We move our 33foot boat to a 50 foot slip and were fine during Isabel with 8 ft of surge 5 years ago. Some friends in the same marina were concerned that a boat near them with an absentee owner was not prepped, they left and anchored in Ridout Creek - appropriate name to ride out a hurricane, you thiink? - and were also fine. Now, we have friends whose house is in a fantastic hurricane hole - their dock is 360 degrees landlocked with high cliffs all around, max fetch measured in yards not hundreds of yards. Its mosquito heaven most of the summer, and our hurricane heaven when we need it ...
Thanks for the input everyone. It's a good discussion to have, I think.
We do have a few hurricane holes nearby. One spot a friend anchored in during a nor'easter. While it was blowing 35-40 knots on the Bay, the water was almost glassy where he was. This spot is very close to us. Of course 40 knots isn't anywhere close to a hurricane, but you get the idea that it's protected.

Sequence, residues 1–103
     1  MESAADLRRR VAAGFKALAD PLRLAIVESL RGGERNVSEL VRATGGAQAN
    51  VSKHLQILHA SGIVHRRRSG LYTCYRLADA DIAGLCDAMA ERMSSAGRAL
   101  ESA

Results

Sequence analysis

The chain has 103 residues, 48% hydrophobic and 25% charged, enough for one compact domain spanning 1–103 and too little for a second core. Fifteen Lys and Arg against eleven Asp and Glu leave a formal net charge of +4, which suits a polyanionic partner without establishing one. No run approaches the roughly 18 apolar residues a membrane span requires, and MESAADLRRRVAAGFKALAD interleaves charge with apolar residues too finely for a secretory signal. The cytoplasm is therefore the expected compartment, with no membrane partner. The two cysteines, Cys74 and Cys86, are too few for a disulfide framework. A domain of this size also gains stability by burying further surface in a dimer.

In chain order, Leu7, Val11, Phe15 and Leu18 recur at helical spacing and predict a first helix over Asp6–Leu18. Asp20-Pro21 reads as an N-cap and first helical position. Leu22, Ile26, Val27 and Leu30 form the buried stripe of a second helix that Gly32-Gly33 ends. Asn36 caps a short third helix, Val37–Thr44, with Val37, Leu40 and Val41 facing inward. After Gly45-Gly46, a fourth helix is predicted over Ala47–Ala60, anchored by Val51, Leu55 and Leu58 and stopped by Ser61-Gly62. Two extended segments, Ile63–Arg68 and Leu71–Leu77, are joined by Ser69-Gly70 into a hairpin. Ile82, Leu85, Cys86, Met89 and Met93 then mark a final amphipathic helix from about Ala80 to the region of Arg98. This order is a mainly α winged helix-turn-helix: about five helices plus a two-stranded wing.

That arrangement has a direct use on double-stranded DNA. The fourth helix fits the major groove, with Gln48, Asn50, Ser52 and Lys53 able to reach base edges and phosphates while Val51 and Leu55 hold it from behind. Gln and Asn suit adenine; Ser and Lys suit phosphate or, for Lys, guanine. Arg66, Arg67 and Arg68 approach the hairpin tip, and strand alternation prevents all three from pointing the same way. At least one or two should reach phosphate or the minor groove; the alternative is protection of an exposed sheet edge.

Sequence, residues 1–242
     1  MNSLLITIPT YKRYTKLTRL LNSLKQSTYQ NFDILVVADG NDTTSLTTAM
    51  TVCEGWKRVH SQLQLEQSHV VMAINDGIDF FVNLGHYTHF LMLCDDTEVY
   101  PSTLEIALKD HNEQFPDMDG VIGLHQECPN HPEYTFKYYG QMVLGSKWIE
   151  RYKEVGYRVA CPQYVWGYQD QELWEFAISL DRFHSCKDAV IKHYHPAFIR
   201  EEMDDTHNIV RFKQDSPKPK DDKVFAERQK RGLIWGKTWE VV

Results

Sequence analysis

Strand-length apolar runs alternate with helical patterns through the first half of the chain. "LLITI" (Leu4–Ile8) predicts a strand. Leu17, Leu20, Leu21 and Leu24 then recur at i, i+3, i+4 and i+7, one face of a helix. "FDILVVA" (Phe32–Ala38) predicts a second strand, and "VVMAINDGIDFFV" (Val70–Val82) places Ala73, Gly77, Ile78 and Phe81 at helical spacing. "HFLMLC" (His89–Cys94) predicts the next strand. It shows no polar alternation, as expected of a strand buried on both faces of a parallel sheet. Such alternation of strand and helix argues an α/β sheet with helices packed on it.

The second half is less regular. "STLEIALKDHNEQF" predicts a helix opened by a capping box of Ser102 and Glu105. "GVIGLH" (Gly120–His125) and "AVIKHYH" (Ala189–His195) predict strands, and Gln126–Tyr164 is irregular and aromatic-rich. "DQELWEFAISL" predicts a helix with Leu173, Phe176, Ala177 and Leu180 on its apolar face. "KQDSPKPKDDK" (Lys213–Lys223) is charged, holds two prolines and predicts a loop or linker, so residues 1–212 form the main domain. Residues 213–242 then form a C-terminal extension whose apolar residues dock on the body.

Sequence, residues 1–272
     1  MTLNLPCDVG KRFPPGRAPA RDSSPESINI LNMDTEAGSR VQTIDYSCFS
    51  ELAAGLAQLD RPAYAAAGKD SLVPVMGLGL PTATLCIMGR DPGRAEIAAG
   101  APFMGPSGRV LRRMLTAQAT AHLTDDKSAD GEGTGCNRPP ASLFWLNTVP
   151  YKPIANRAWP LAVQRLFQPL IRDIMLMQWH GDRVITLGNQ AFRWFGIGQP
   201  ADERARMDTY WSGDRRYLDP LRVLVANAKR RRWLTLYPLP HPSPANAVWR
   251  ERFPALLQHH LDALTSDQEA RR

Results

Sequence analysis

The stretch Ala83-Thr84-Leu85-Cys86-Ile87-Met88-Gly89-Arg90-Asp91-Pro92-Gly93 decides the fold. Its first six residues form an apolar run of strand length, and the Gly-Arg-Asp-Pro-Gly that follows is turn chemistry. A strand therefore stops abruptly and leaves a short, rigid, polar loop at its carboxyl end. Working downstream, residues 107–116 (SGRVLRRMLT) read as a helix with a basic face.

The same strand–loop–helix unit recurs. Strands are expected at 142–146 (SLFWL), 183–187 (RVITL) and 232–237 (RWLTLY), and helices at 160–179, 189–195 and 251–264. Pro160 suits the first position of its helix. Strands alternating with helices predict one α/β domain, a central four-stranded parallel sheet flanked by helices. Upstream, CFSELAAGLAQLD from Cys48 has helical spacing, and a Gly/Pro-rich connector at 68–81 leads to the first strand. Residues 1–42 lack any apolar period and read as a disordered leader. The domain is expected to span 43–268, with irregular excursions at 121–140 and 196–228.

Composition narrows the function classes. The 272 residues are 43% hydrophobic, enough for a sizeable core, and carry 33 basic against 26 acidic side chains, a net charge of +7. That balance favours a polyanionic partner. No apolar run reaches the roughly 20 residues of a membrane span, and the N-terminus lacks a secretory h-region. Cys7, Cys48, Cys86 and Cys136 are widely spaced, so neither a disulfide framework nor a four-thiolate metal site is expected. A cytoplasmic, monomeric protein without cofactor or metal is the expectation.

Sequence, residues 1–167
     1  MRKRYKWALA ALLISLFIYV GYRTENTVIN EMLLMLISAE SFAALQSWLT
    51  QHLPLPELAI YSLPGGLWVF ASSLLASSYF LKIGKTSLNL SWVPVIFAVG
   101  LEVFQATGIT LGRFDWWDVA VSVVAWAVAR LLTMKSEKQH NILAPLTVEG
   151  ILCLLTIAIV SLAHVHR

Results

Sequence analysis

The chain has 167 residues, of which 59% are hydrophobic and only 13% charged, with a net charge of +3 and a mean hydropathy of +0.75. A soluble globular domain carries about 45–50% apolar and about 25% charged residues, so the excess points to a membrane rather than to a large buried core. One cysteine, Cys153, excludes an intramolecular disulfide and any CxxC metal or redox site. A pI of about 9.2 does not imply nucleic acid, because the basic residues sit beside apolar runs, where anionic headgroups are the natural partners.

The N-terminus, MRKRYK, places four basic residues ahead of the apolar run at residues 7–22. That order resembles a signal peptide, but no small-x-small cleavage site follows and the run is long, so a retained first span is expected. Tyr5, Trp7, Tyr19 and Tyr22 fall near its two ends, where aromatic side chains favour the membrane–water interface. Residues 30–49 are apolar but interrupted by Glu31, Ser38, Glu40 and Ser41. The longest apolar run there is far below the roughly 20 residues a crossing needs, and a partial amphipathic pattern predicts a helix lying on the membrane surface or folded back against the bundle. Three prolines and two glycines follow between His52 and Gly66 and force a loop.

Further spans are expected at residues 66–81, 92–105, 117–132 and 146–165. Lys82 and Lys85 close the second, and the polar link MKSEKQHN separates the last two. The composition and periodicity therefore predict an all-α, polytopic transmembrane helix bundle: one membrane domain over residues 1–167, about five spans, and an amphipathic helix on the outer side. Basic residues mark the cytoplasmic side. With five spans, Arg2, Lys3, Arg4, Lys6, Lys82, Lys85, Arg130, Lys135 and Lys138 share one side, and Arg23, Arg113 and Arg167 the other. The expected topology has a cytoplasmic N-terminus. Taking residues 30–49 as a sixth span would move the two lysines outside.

I've often read about anchoring in small protected spots like this, and tying lines to trees, etc. But aren't these trees usually on private property? I mean, we can anchor more or less where we want, but tying to trees is another story, no? Thoughts?
I like the mooring idea. I would think that in Annapolis, one of the moorings up Spa or Back Creek would be preferable to those right in the harbor. That said, I'd think there's no way to know if that mooring has been maintained well enough to withstand the storm. And so goes the thought process....